But the narrative of woman-as-inherently-susceptible is a tired trope, and thus, this self-work is crucial. Sometimes I think we’re not even conscious of how we continue to celebrate certain stereotypes, and thus reify them.
Exhibit A: The motion-picture film Wild, based on the book by Cheryl Strayed. Don’t get me wrong—I enjoyed it. It’s a page-turner. Yet, though Wild is an admirable story, I think it’s rather sad that until it came along, an apparently massive percentage of the female population was holding back from activities like thru-hiking until suddenly, women had this consumable image delivered by Reese Witherspoon to push them out the door. Why has Strayed’s character in particular been relatable to so many women? In the context of her story, she wasn’t actually that great of a role model for being prepared for the challenge she set out to take on.
Surely we were all psyched to see a woman succeeding in an epic journey in outrageously beautiful places. But I tend to believe that the response to Wild was less about discovering the PCT and more about seeing pieces of ourselves and our lives reflected in Strayed’s narrative. I surmise that many of us were drawn to the display of persistent tenacity and sheer lack of fucks left to give, and of the rawness and vulnerability with which Strayed invited us to hear her story and share in her liberation. In this latter aspect, inside the framework of a story about thru-hiking, Wild banged a hammer down hard upon a collective nerve in the female consciousness that carries the experience of trauma, survival, liberation, and rebirth.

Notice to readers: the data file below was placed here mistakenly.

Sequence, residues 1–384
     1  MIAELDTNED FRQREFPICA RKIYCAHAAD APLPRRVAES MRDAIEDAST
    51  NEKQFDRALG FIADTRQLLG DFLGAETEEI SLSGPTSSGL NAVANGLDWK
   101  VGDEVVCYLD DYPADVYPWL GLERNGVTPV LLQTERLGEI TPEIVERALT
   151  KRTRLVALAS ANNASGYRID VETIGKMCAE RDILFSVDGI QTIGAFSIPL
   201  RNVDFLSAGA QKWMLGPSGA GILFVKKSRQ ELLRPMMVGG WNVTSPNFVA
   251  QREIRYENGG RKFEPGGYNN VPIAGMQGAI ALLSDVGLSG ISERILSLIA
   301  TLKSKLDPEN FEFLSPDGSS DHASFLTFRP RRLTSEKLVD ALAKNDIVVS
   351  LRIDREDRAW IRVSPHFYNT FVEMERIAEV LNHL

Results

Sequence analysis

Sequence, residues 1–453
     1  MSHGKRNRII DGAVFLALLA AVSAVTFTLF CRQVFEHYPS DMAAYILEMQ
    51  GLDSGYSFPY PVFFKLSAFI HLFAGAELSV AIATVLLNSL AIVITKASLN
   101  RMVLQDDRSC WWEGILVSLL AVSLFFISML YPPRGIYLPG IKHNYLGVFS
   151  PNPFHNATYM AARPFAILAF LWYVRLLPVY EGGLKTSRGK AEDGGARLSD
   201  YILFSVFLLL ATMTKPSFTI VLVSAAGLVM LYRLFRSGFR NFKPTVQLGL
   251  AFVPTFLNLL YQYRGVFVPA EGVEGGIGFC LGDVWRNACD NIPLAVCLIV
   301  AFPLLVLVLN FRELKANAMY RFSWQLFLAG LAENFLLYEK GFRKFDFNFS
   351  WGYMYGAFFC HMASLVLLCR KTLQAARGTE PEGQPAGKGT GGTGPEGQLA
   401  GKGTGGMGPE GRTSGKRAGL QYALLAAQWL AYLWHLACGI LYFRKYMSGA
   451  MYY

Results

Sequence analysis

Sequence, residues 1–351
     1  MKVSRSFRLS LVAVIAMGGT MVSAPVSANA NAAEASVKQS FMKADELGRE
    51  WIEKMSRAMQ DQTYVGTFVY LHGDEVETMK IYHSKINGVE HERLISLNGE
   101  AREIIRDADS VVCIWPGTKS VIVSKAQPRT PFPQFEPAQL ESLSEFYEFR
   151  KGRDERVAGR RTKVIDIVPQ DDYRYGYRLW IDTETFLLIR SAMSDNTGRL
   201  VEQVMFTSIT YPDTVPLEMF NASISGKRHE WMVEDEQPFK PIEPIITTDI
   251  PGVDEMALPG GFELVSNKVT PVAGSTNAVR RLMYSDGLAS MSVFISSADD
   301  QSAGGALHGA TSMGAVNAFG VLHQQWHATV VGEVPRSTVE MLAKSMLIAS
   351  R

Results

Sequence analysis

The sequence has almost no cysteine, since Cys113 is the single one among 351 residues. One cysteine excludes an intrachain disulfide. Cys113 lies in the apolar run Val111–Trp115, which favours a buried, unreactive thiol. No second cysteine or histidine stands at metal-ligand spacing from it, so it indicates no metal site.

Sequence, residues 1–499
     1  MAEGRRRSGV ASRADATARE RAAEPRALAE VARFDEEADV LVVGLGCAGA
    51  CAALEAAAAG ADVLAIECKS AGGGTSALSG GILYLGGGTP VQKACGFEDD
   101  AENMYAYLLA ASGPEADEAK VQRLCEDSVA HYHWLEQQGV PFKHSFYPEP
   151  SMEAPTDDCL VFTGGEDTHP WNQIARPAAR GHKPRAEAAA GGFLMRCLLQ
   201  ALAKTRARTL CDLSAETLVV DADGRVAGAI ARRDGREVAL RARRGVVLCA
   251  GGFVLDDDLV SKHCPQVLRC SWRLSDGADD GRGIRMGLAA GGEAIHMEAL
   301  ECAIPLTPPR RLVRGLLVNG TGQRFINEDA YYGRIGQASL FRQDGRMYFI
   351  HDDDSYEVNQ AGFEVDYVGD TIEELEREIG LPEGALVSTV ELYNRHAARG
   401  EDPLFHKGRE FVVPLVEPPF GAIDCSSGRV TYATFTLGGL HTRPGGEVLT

I have no bones to pick about this facet. I can easily relate to a narrative of hitting bottom and finally finding, when all feels irrevocably lost, one’s salvation through a connection with the Earth.
What is disappointing to me is that this character seems to have been such a springboard for propelling women’s entrance into the wilderness, given how poorly prepared she was. Surely, this cannot be the most relevant female role model we have today? I love what Terra Incognita founder Erin Monahan said when she and I were initially discussing this piece: “there are many women who do this shit and don’t lose their shoe.” Truly, women have been achieving this kind of badassery for ages. If you can’t think of any, here is an extremely short list of modern-age women you might want to Google as a starting point:
Liz “Snorkel” Thomas
Captain Liz Clark
What Strayed accomplished is no doubt laudable, and I don’t seek to take that from her, but we need to avoid perpetuating the notion of the woman in the wild as one who sort of bumbles her way in haphazardly, rather than judiciously, with foresight and planning. This image suggests that a woman may survive an exhausting engagement with nature thanks only to the mercy of the universe and fellow strangers she meets along the way. At the very least, it reinforces the unconscious placement of fear and concern at the forefront of our responses to women alone on trails and in the mountains.